putchar('o');
  putchar('r');
  putchar('l');
  putchar('d');
  putchar('!');
  putchar('\n');

  return 0;
}

It works, but it's yucky:

UNIX> gcc -o phw phw.c
UNIX> ./phw
Hello World!
UNIX> 

Here is a second program that uses putchar() to print a character string:

#include <stdio.h>
#include <stdlib.h>

int main()
{
  char hw[] = "Hello World!\n";
  int i;

  for (i = 0; hw[i] != '\0'; i++) putchar(hw[i]);
  return 0;
}

As you can see, putchar() is a cumbersome way to print strings, since you must do it a character at a time. Additionally, it does not provide a way to print numbers. You'll find putchar() to be useful in a variety of situations, although probably not in CS140. I find that I use it primarily in systems programming, which you will encounter in CS360.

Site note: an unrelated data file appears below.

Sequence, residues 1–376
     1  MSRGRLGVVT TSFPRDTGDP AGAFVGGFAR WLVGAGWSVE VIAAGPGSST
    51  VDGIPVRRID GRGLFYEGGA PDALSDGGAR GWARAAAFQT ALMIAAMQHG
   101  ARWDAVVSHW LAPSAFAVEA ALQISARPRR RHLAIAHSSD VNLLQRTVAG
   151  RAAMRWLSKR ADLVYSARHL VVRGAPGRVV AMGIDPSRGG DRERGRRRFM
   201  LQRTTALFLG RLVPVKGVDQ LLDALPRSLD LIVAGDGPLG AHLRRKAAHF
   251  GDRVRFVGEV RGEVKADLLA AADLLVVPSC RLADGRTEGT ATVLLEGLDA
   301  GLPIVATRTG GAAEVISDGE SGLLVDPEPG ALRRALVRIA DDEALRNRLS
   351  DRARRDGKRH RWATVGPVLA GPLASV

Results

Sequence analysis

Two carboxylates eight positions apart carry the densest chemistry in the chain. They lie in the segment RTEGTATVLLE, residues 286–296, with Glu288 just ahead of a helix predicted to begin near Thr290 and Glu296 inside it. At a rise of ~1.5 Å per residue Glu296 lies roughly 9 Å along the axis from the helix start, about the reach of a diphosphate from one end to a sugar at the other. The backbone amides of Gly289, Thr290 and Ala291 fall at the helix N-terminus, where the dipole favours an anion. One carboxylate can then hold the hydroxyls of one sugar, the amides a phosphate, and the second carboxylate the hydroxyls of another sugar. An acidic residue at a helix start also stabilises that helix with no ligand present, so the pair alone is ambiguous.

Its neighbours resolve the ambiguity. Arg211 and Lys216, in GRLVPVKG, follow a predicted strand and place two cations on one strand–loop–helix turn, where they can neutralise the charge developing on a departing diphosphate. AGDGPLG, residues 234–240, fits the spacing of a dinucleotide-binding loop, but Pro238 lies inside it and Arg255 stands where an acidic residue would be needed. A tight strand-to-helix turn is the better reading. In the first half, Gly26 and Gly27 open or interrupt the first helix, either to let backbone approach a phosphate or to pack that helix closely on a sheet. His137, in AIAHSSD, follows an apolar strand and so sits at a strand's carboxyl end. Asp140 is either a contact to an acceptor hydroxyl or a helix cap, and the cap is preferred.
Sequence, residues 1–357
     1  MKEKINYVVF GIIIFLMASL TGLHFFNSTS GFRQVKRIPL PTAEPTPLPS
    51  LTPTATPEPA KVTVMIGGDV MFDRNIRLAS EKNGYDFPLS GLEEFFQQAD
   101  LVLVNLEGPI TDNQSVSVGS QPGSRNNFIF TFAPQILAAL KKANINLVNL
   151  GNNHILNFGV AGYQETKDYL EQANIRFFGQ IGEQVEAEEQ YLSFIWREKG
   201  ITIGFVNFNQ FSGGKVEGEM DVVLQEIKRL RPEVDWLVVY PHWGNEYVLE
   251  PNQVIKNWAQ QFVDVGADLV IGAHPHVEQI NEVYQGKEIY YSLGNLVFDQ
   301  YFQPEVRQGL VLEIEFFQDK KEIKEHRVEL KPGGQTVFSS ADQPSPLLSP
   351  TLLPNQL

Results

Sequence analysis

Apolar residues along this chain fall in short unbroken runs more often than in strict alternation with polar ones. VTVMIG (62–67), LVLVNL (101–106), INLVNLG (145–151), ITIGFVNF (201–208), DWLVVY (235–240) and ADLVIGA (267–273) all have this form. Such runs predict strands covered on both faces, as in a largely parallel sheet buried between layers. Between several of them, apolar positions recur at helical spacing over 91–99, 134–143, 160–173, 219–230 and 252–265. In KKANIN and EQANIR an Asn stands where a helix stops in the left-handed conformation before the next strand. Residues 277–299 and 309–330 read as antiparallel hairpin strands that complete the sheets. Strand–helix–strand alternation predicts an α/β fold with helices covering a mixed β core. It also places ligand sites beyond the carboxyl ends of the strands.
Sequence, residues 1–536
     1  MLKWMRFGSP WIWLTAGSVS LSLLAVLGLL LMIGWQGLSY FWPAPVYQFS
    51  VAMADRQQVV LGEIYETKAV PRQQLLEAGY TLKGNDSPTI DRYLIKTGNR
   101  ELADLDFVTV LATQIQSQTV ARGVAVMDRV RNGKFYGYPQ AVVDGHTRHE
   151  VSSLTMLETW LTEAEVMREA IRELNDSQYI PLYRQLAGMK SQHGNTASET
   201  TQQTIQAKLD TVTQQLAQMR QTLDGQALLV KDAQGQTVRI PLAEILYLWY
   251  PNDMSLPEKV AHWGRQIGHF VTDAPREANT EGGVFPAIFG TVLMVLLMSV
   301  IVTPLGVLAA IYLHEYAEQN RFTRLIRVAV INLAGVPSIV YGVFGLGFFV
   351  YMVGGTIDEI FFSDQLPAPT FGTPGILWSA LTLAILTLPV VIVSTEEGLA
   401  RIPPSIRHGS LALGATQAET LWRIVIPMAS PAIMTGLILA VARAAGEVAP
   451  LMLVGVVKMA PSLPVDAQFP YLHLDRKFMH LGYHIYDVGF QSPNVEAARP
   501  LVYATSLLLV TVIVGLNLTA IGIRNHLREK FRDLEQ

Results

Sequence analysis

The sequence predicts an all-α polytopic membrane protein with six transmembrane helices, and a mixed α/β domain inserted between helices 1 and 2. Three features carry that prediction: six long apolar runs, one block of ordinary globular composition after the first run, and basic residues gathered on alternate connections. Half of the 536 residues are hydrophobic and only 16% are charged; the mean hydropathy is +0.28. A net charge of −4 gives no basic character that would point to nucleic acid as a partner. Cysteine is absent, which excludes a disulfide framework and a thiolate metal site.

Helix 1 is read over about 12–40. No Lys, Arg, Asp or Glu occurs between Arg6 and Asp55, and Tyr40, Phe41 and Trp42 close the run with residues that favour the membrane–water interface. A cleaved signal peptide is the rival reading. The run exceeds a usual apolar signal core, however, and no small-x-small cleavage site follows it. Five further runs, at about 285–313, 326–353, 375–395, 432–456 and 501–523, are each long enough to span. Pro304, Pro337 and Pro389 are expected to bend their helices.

printf()

Most of the time when you print output you will want to use printf(). You can think of printf as an acronym for "(print f)ormatted output". As the name suggests, printf() allows you to output data in a formatted manner.

Printf() is an unusual procedure in that it can take a variable number of parameters. The first parameter is called a format string and it tells C how the printed output should appear. The remaining parameters are the variables that you want to print.

In its simplest form, printf() takes only a format string with no formatting characters. In this case it simply prints the contents of the format string. So, for example, the printf() version of "Hello World" (in pfhw.c) is:

#include <stdio.h>
#include <stdlib.h>

int main()
{
  printf("Hello World!\n");
}

UNIX> gcc -o pfhw pfhw.c
UNIX> pfhw
Hello World!
UNIX>